A model of the vertical collision of a sphere with a hailpad predicts that the dent volume is proportional to the impact kinetic energy, and gives a relationship between dent diameter and sphere diameter for ice spheres. Laboratory calibration experiments confirm the essence of the theory but cast some doubt on the validity of the assumption of a constant resistance pressure. Further experiments simulating windblown ice spheres show that for the conditions we considered, the horizontal partition of energy has a small effect on the minor axis diamter of the dent. Consequently, if the wind speed is unknown, no more than a 10% error may occur if the sphere diameter is determined using the no-wind relation. Finally, field calibration of the hailpads with hailstones falling in a natural hail shaft tend to support both the laboratory calibrations and the model predictions.

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Renée Elio, Johannes De Haan, and G. S. Strong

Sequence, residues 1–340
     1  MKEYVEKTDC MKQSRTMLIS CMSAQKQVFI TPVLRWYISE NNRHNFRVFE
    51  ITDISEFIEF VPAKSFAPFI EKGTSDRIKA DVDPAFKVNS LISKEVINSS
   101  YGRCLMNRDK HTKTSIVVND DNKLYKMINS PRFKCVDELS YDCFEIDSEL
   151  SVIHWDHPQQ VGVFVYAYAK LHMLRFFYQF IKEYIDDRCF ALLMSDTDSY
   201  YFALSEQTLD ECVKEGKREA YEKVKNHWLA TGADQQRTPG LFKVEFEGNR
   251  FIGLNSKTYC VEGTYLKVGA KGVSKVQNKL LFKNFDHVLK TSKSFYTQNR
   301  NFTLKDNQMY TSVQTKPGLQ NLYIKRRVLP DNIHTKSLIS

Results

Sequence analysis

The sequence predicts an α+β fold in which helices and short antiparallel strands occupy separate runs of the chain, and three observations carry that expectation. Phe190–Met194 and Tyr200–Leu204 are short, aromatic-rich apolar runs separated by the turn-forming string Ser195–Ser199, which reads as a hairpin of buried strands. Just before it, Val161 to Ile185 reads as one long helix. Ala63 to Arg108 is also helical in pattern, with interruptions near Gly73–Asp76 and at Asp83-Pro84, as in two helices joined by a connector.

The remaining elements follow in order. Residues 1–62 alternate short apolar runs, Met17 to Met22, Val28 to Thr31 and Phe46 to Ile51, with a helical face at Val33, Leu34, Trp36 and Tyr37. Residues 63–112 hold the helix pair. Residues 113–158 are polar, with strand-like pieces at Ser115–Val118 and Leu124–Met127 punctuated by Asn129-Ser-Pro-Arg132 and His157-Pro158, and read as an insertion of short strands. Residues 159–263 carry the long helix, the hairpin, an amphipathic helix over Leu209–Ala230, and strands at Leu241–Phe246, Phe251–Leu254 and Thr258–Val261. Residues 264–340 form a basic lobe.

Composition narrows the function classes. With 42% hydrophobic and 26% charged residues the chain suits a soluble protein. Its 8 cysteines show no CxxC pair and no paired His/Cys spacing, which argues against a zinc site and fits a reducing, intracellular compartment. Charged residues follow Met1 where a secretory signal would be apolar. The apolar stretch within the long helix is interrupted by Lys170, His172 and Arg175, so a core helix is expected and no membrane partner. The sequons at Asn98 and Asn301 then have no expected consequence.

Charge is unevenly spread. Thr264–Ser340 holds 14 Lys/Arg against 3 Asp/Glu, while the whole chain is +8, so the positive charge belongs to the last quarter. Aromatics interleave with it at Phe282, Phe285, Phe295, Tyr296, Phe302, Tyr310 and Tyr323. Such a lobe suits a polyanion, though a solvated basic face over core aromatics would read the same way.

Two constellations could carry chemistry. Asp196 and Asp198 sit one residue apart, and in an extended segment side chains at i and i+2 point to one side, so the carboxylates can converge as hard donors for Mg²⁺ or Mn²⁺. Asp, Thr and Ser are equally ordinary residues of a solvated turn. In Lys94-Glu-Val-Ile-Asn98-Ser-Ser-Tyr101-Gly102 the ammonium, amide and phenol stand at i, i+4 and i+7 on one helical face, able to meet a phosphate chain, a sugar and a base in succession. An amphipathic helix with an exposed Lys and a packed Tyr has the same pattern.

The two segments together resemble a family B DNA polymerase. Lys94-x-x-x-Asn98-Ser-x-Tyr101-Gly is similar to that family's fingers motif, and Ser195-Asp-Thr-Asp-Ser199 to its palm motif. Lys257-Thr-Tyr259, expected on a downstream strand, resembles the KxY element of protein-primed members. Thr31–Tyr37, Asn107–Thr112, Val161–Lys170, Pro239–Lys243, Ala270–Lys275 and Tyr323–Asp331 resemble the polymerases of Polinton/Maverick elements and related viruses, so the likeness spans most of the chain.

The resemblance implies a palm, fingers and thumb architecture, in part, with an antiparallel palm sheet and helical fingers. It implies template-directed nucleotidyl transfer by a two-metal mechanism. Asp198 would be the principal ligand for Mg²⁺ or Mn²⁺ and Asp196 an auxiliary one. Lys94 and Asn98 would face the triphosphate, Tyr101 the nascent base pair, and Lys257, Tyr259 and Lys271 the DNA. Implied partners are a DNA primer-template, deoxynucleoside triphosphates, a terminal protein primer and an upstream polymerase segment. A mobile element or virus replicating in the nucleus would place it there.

An experienced forecaster can use several different types of knowledge in forcing. First, there is his theoretical understanding of meteorology, which is well entrenched in current numerical models. A second type is his “local knowledge,” gained over years of experience, of how weather is likely to form in his forecast area. This kind of local familiarity is not easily captured with traditional numeric techniques, but might provide additional insights for prediction that someone unfamiliar with the area might not have. A third type of knowledge is how to interpret forecast tools already in use. This might include knowledge of the tool's limitations and how it works in a particular locale. Capturing these types of knowledge is important in building computing systems that can serve as intelligent consultants to forecasters. This paper describes a prototype system, called METEOR, that incorporates all these types of knowledge to predict the location, severity, and motion of convective storms in Alberta; METEOR interprets contoured maps of a synoptic-based instability index and of surface equivalent potential temperature. It also gathers additional information about a variety of ongoing weather conditions from three portions of surface aviation reports: the cloud cover section, the obstructions visibility, and the observations provided in the “remarks” section. Interpreting remarks made by human observers, while useful to a forecaster experienced with local weather conditions, can be too time consuming for people to do in real-time and too complex for traditional computing methods to handle. However, METEOR interprets these remarks and keeps track of where various weather activities are occurring and how they are changing over time. At present, METEOR's final forecast is a prediction of likely areas of storm initiation, direction of motion, and intensity, plus summaries of current conditions and their implications for storm development.